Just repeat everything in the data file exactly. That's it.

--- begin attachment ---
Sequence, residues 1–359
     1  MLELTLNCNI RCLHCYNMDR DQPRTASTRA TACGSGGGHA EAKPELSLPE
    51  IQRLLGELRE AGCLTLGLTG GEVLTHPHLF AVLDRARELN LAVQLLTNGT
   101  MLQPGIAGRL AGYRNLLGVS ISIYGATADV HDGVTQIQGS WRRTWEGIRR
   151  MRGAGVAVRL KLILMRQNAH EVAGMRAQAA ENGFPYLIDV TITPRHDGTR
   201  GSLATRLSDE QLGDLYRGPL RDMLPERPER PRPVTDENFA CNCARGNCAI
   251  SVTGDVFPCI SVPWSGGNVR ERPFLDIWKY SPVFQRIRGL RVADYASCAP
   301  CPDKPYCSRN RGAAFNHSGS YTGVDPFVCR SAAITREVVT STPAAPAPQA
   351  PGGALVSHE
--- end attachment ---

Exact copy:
Sequence, residues 1–359
     1  MLELTLNCNI RCLHCYNMDR DQPRTASTRA TACGSGGGHA EAKPELSLPE
    51  IQRLLGELRE AGCLTLGLTG GEVLTHPHLF AVLDRARELN LAVQLLTNGT
   101  MLQPGIAGRL AGYRNLLGVS ISIYGATADV HDGVTQIQGS WRRTWEGIRR
   151  MRGAGVAVRL KLILMRQNAH EVAGMRAQAA ENGFPYLIDV TITPRHDGTR
   201  GSLATRLSDE QLGDLYRGPL RDMLPERPER PRPVTDENFA CNCARGNCAI
   251  SVTGDVFPCI SVPWSGGNVR ERPFLDIWKY SPVFQRIRGL RVADYASCAP
   301  CPDKPYCSRN RGAAFNHSGS YTGVDPFVCR SAAITREVVT STPAAPAPQA
   351  PGGALVSHE